Local Internetworking is one which is within the same organization i.e. same building or same campus, then for the networking, we may not require the full power of the router. We can do it with a data link layer device called a bridge.
Bridges: Bridges are a data link layer device and can connect to different networks as well as connect different networks of different types. Bridges from 802.x to 802.y where x & y may both be ethernet or one can be ethernet and other may be a token ring, etc. It locally connects small LANs, whereas if LANs are big then bridges can no longer handle them. Bridge follows a protocol in IEEE format execute 802.1 which is a spanning tree of bridges.
In the above figure, there are four LANs that are connected by two bridges. Bridge 1 has two ports, one connecting to LAN 1 other connecting to LAN 2, Bridge 2 has three connecting to LAN 2, LAN 3, and LAN 4. So, A can communicate with H through two bridges.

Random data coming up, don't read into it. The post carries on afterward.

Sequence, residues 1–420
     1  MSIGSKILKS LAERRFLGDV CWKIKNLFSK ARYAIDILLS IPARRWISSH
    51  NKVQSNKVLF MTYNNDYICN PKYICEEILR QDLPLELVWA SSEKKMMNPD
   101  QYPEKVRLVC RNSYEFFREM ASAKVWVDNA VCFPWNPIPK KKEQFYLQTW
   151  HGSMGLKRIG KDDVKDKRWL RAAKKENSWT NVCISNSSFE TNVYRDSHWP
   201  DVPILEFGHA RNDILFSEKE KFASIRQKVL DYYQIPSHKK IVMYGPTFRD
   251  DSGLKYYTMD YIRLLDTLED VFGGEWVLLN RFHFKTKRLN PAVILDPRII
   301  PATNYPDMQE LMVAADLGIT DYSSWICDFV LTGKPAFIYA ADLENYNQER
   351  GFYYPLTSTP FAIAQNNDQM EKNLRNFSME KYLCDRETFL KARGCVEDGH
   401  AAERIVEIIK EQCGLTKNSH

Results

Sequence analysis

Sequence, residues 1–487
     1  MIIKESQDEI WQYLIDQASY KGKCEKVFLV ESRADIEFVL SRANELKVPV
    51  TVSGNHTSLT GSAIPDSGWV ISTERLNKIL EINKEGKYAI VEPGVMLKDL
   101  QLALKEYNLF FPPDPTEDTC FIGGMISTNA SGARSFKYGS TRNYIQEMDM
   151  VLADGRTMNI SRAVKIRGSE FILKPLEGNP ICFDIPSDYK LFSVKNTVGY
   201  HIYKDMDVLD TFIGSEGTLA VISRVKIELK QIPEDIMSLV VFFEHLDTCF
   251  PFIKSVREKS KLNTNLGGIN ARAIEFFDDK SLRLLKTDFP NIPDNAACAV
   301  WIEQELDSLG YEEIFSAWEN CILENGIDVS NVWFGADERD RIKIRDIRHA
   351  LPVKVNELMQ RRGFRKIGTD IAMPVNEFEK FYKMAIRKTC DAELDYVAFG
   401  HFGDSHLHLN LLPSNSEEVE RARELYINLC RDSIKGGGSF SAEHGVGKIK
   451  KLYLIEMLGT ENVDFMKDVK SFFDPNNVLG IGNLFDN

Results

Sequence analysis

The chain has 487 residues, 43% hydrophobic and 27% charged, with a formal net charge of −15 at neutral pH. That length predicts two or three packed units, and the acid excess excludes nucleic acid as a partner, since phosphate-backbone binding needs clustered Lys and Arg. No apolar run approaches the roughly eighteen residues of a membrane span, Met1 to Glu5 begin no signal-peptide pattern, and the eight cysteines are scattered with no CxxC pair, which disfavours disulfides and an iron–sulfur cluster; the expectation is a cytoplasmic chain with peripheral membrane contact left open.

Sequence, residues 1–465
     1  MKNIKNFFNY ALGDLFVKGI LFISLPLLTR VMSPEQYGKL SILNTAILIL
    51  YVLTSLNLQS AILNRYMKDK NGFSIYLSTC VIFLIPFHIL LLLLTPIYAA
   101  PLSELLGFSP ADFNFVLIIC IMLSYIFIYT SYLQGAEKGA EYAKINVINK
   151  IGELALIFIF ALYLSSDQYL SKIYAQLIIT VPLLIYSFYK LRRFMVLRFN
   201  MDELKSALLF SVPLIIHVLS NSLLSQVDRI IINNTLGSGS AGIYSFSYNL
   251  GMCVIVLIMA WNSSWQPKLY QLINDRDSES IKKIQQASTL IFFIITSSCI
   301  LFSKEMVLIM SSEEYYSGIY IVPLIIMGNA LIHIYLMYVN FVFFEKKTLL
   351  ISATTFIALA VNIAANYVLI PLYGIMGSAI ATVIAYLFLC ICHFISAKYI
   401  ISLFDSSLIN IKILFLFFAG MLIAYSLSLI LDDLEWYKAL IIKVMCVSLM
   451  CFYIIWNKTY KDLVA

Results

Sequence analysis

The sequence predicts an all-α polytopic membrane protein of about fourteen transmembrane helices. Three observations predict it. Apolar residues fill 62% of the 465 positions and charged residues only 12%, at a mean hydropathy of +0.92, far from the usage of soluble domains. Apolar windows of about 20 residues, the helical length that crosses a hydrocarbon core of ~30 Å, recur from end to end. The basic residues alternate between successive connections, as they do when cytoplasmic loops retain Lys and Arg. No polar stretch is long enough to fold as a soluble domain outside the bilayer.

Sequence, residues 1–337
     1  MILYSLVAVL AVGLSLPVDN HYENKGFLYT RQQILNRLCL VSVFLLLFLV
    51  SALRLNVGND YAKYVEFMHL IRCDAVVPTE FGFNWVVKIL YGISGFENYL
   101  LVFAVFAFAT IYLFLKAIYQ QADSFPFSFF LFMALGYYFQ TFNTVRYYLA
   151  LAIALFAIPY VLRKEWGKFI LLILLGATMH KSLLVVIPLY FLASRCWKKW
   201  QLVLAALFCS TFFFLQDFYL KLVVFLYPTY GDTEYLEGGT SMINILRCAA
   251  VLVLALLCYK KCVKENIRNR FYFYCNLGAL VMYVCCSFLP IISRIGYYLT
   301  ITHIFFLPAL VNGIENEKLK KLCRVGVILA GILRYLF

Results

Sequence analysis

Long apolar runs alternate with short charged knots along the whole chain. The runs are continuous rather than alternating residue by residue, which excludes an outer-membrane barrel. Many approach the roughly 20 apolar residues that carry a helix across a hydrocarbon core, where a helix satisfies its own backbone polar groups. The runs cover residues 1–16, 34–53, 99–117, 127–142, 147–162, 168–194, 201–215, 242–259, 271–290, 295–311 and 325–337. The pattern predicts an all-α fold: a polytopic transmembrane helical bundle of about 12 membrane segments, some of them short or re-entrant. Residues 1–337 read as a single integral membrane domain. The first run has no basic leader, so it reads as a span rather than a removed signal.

- Bridges (Link Layer Device) –
It stores and forwards Ethernet frames, i.e., it has to do with the MAC address rather than the IP address, they handle the hardware addresses. I also examine the frame header and selectively forward frames based on MAC destination address, such as in the given figure if Bridge 2 receives a packet then it will selectively decide whether to send it to LAN 3 or LAN 4.